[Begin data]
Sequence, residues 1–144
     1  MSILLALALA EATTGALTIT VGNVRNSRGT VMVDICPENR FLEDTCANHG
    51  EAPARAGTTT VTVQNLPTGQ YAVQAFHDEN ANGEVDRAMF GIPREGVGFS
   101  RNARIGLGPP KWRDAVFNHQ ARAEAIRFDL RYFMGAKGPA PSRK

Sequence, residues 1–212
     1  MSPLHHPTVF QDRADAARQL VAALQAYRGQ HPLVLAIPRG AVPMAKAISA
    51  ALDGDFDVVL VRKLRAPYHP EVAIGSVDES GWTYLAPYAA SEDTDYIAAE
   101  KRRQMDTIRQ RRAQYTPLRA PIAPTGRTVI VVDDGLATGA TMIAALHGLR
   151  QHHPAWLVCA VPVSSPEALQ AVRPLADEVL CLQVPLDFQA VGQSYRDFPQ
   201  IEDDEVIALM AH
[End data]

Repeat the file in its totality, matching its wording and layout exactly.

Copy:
Sequence, residues 1–144
     1  MSILLALALA EATTGALTIT VGNVRNSRGT VMVDICPENR FLEDTCANHG
    51  EAPARAGTTT VTVQNLPTGQ YAVQAFHDEN ANGEVDRAMF GIPREGVGFS
   101  RNARIGLGPP KWRDAVFNHQ ARAEAIRFDL RYFMGAKGPA PSRK

Sequence, residues 1–212
     1  MSPLHHPTVF QDRADAARQL VAALQAYRGQ HPLVLAIPRG AVPMAKAISA
    51  ALDGDFDVVL VRKLRAPYHP EVAIGSVDES GWTYLAPYAA SEDTDYIAAE
   101  KRRQMDTIRQ RRAQYTPLRA PIAPTGRTVI VVDDGLATGA TMIAALHGLR
   151  QHHPAWLVCA VPVSSPEALQ AVRPLADEVL CLQVPLDFQA VGQSYRDFPQ
   201  IEDDEVIALM AH